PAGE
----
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Governor urged to intervene on care for inmates

Emergency declaration would end an impasse over $7-billion project.

June 10, 2008|Michael Rothfeld | Times Staff Writer

SACRAMENTO — The overseer of healthcare in California state prisons asked Gov. Arnold Schwarzenegger on Monday to circumvent state lawmakers by using an emergency declaration to proceed with a $7-billion plan to build medical beds.

Last month, Republicans in the state Senate blocked passage of the plan proposed by court-appointed receiver J. Clark Kelso and endorsed by Schwarzenegger to borrow money to construct 10,000 beds in up to seven facilities for ailing and mentally ill inmates and to renovate existing prison clinics.

The receiver was appointed by a federal judge as part of a lawsuit by inmates seeking to improve healthcare in prisons, which has been ruled unconstitutionally poor.

After the Senate's rejection, Kelso issued a demand that the state provide the money he needs, regardless of whether it is borrowed or comes directly from state coffers. On Monday, Kelso went further by proposing that Schwarzenegger use his authority under a prison overcrowding emergency he declared in October 2006 to execute a contract with the receiver for the construction and the funding.

"This is simply due to the Legislature's failure to act," Kelso said. "This is not the most optimal way of doing budgeting."

Kelso has been trying to proceed with his construction program without requesting that U.S. District Judge Thelton Henderson force the state to cooperate. But on Monday, Kelso said, "That's where we're starting to head, without question."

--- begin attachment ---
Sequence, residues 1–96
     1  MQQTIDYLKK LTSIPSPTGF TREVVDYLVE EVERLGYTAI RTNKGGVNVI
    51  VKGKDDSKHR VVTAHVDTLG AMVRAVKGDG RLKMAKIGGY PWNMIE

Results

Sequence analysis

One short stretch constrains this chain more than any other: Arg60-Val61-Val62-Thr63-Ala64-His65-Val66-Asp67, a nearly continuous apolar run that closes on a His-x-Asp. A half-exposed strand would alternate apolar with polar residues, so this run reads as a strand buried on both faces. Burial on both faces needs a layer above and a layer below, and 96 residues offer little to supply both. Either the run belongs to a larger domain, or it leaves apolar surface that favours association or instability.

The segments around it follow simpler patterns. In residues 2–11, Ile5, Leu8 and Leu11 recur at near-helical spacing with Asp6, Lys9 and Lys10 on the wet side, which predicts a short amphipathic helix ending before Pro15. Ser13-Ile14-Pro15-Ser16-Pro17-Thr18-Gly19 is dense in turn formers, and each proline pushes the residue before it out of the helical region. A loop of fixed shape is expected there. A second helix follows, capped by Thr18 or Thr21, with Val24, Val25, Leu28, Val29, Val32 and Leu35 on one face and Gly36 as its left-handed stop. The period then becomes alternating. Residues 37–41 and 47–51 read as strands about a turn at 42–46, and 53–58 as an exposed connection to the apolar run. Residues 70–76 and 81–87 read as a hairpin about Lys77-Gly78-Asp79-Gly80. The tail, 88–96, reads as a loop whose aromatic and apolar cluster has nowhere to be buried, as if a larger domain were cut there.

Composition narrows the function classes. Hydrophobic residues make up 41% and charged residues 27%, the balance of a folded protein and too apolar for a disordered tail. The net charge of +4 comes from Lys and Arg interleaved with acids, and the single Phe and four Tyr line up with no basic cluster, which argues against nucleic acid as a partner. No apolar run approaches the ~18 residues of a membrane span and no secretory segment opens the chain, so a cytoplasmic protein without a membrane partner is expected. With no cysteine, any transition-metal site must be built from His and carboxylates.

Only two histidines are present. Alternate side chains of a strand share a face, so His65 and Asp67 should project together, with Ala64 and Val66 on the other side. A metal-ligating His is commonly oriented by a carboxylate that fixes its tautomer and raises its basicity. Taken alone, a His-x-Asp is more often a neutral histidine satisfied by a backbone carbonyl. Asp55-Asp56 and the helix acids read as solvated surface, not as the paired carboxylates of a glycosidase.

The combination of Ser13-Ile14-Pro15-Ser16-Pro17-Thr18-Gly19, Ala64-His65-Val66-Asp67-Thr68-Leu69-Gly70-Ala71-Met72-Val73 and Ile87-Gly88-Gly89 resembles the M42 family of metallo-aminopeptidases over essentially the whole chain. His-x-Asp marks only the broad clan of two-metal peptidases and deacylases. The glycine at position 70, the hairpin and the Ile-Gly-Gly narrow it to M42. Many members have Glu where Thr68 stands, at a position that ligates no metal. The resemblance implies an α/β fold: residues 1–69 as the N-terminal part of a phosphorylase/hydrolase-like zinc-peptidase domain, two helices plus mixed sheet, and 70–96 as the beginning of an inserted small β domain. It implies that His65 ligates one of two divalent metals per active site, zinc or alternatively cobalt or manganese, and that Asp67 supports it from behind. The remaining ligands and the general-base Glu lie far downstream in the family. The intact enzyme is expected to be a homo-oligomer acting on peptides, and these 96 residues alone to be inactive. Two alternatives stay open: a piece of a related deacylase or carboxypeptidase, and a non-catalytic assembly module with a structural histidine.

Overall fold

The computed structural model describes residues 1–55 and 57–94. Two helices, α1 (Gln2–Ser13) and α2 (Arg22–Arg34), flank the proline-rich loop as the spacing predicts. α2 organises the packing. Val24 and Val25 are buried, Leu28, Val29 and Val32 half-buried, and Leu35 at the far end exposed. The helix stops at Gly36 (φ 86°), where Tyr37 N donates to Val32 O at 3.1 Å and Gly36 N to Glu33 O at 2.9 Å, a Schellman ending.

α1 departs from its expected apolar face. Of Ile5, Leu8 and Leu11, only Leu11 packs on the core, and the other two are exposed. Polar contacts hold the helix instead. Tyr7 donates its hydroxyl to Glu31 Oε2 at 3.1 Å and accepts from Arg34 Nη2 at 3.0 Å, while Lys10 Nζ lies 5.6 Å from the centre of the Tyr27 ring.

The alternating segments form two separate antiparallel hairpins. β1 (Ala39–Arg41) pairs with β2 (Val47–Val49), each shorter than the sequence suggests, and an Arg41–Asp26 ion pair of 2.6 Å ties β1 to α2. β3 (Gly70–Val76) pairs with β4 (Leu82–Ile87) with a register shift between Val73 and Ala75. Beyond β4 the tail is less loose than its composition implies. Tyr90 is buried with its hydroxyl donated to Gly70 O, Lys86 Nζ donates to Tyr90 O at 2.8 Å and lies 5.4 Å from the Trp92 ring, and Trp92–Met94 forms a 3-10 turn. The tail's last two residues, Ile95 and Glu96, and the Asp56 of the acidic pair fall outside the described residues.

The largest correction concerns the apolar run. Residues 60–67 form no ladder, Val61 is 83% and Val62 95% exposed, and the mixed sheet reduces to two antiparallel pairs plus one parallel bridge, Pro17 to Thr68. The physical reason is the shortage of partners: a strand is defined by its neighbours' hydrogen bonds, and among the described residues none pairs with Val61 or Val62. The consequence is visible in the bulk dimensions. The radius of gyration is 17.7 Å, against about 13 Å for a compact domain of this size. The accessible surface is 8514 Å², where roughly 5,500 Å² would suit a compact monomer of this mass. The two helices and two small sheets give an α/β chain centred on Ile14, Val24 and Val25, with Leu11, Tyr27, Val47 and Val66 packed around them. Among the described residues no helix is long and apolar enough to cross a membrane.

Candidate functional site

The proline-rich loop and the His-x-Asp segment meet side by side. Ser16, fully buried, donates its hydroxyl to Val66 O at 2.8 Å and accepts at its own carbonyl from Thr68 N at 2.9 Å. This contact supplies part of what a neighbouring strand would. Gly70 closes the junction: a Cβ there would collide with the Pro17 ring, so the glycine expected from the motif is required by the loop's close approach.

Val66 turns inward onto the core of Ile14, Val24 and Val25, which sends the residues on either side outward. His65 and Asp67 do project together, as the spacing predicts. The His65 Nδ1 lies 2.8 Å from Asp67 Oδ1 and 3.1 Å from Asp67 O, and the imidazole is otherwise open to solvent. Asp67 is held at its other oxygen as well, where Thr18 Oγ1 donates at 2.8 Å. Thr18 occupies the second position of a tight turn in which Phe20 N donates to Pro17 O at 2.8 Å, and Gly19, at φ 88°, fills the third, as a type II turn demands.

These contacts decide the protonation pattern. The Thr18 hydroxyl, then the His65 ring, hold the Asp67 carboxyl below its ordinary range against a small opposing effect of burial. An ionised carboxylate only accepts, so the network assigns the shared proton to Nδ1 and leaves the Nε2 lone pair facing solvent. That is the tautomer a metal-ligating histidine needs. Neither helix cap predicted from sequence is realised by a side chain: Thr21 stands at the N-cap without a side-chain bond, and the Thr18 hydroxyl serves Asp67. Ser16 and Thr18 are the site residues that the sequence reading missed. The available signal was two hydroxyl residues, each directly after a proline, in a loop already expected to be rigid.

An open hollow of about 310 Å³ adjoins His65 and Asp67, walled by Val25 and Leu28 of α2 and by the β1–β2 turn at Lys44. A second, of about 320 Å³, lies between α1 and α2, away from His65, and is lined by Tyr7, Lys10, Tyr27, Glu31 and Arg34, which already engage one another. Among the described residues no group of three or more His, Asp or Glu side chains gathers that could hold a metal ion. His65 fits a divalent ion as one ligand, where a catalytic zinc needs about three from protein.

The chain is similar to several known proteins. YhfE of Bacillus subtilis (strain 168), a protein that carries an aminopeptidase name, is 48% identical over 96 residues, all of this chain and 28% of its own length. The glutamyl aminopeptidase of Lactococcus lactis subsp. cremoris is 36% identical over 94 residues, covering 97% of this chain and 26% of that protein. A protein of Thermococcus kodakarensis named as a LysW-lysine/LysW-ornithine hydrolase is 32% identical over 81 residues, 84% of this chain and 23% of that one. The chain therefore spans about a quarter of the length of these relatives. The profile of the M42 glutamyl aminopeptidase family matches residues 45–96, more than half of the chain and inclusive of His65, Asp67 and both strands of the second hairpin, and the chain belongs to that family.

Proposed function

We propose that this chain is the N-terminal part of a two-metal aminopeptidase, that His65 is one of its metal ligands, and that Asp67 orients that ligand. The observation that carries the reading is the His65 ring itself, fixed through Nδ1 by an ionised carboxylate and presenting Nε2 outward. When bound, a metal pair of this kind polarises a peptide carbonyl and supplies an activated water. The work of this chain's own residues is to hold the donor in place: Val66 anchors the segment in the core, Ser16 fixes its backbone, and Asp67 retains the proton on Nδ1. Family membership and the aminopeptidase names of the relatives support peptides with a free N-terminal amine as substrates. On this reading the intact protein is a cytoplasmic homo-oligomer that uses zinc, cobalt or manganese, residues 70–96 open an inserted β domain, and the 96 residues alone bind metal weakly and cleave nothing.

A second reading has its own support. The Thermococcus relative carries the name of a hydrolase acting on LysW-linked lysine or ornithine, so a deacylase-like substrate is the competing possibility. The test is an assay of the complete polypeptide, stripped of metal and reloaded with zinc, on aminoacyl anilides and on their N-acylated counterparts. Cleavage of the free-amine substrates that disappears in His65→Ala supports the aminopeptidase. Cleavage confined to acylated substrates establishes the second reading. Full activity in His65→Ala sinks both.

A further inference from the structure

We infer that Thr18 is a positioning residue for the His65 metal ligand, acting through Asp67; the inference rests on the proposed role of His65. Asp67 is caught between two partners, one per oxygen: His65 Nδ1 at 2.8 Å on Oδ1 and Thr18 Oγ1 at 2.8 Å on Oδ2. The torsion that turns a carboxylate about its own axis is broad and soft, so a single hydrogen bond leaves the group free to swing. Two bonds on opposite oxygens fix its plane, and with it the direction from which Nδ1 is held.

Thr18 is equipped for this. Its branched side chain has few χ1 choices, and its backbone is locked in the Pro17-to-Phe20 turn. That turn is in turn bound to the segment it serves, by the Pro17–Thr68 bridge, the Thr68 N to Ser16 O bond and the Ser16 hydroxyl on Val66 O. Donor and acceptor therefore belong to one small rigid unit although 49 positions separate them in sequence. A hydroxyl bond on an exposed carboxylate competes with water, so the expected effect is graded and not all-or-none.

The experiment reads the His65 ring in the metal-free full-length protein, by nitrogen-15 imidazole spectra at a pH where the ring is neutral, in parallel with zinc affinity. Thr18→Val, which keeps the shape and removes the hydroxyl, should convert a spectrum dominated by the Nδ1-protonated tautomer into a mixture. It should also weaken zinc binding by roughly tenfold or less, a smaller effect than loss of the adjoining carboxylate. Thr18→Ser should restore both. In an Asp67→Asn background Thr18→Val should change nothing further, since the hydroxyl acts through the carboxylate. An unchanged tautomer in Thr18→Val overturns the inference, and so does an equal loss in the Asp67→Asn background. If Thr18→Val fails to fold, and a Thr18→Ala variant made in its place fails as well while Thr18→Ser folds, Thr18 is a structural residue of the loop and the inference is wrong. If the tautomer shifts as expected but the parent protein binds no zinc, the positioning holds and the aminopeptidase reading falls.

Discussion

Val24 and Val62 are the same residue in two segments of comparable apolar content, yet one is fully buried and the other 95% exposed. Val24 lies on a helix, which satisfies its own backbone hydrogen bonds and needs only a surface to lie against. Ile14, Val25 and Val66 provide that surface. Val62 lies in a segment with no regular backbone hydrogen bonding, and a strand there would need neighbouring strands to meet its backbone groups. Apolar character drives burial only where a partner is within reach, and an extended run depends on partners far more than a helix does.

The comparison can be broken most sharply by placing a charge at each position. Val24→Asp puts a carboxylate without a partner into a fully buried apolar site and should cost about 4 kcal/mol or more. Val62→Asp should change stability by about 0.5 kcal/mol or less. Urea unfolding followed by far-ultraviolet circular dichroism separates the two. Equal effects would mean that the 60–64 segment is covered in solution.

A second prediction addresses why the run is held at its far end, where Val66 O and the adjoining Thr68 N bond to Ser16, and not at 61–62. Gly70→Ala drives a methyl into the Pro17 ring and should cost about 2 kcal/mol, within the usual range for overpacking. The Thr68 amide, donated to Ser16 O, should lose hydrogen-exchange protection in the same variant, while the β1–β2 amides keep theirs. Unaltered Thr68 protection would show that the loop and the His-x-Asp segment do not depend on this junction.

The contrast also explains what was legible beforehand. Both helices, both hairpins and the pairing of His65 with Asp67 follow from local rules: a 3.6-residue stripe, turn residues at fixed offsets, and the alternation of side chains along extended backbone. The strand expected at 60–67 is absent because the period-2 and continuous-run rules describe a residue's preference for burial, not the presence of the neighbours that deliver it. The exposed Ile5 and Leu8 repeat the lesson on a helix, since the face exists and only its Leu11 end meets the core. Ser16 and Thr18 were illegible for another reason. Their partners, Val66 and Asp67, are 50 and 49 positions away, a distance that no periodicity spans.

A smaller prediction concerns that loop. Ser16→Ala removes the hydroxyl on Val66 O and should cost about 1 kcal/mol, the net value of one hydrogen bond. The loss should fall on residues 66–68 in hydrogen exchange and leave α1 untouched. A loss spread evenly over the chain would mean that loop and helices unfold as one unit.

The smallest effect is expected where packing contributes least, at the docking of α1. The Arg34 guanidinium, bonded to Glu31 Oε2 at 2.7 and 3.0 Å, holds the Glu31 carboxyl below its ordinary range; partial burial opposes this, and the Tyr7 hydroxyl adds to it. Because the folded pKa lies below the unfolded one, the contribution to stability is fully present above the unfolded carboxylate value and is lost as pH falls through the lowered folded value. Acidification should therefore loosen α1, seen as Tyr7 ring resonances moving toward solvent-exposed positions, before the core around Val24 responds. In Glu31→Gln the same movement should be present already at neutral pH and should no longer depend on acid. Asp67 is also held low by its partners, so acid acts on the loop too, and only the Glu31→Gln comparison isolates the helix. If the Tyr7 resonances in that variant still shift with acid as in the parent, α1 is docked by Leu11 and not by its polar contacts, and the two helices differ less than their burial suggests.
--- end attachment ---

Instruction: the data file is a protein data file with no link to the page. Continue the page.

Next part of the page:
Schwarzenegger previously used the state's Emergency Services Act to transfer inmates to private prisons outside California after lawmakers failed to approve measures he proposed to reduce overcrowding. Last week, a state appeals court upheld the transfers, which had been challenged by the state prison guards' union.

The receiver said he did not believe that the emergency declaration would give the governor the ability to borrow money without lawmakers' permission. But Schwarzenegger could redirect funding already appropriated, although that would be difficult given the state's budget crisis, Kelso said.

Lisa Page, a spokeswoman for Schwarzenegger, said the governor's office had not decided whether to go along with Kelso's new plan.

"We think it's much better to work with the Legislature on a solution than go around them," Page said.

Assemblyman Todd Spitzer (R-Orange) said the receiver's idea would be "a complete exploitation of the governor's emergency powers."

Republican senators have said they are open to authorizing the medical beds in conjunction with legislation that would expedite the construction of regular prison beds for inmates under a plan approved last year.

The lawmakers hope that building all of the beds together will minimize chances that a panel of three federal judges now monitoring state prisons will order a release of inmates due to overcrowding.

"We think this is unnecessary," Senate Minority Leader Dave Cogdill (R-Modesto) said of Kelso's effort to go around the legislators. "We're trying to get a comprehensive solution."

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michael.rothfeld@latimes.com

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